Researchers and policymakers meet in Tanzania to discuss cassava agronomy

Nigeria’s rising population, particularly in the cities, coupled with low productivity (yield per hectare) of cassava roots, is threatening the West African cassava industry.

This, the IITA, in an emailed statement issued by its Communication and Knowledge Exchange Expert, Mr. Godwin Atser, said could impede the gains made in the sector, putting the country at risk of becoming a net importer of staple crops.

Grown by over 4.5 million people in Nigeria, cassava is a major food crop, contributing to food security and income for millions of people.

But the productivity of the crop in Nigeria is low — 12 to13 tons per hectare.

“This low productivity cannot support Nigeria in the next 34 years,” according to Dr. Claude Fauquet, Director with the Global Cassava Partnership for the 21st Century (GCP 21).

Fauquet dropped the hint while addressing participants at the just concluded workshop, with the theme: “Integrated System for an Effective Cassava Production in Africa” in IITA, Ibadan, Oyo State.

“By 2050, Nigeria’s population will rise to 400 million, meaning that we will have more mouths to eat cassava and cassava products such as garri, fufu etc. With the current cassava productivity of 12 to 13 tons per hectare, cassava cannot sustain this huge population,” Fauquet explained.

Elsewhere in Asia, cassava productivity has hit more than 20 tons per ha and a nation such as Thailand is today a major exporter of cassava products such as starch.

Fauquet said Africa, and Nigeria in particular, has the land, youth and climate to achieve the same feat such as Thailand.

“The question is: Why is this not happening?” he remarked.

Besides the rising population, Fauquet noted that urbanisation would trigger the migration of more than 50 percent of Nigeria’s population to cities, which would leave a labour vacuum in the rural areas – a situation that would further exacerbate the problem of cassava production in the country.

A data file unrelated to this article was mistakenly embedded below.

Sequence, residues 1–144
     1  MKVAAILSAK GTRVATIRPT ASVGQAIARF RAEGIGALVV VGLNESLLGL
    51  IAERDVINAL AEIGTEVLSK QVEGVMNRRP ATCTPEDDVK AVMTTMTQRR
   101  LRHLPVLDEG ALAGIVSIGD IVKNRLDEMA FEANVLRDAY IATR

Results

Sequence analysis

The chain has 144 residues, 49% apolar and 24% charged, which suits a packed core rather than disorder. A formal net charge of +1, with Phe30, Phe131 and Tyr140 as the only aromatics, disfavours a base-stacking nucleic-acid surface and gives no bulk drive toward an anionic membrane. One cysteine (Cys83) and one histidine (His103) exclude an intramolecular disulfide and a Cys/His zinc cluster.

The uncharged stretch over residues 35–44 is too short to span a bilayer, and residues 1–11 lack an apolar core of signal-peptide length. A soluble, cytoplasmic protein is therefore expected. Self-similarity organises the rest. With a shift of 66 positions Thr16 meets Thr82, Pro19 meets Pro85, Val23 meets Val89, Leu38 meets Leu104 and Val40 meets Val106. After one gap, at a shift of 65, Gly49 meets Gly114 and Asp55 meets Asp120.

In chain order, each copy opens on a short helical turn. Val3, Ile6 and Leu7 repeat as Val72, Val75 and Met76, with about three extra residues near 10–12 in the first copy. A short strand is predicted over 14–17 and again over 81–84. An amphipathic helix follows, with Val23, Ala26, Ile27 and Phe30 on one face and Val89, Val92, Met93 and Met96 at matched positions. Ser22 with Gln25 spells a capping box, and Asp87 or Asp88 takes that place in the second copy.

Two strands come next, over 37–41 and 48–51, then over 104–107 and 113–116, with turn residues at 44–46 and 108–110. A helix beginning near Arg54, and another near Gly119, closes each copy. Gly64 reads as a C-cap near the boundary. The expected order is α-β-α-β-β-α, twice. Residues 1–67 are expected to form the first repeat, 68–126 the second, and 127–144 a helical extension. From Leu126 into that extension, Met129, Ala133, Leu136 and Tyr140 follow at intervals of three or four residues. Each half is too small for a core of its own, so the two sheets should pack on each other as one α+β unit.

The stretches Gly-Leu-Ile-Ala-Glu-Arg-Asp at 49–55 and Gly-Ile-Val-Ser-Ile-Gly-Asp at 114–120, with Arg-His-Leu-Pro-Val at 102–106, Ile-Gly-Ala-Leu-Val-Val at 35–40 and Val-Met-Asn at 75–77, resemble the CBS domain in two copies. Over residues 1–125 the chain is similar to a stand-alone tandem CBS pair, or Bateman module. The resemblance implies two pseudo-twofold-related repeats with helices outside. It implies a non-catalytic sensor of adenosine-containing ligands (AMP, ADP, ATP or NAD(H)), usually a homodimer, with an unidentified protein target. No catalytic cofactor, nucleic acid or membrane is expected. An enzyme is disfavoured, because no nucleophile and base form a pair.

He, however, said Nigeria could address the challenges by investing in the research for development of cassava along the value chain.

Specifically, he said, investments in improved varieties, weed control, best agronomic practices, and mechanisation could change the outlook of cassava.

“Other areas that need attention include access to credit, markets and cooperatives,” he added.

Fauquet called on the Nigerian government and donors to invest in research and development to put cassava ahead.

Dr. Kenton Dashiell, IITA Deputy Director General, Partnerships For Delivery, who represented the Director General, Dr. Nteranya Sanginga, said cassava is an important crop for Nigeria.

Sanginga added that it was important that researchers were thinking about its future.

He commended the Bill & Melinda Gates Foundation for investing in cassava production along the value chain, and called on the government of Nigeria to consider upscaling some of the proven technologies such as cassava mechanisation, weed management, improved seeds at IITA, and best agronomic practices to farmers across the country.

Dr. Alfred Dixon, Project Leader for the Cassava Weed Management Project, described cassava as a “poverty fighter,” emphasizing that investment in cassava would help Nigeria to tackle the twin problem of hunger and poverty, and youth unemployment.

The workshop in Ibadan attracted participants from the private sector, development partners such as the Bill & Melinda Gates Foundation and IFAD, and farmer organisations.

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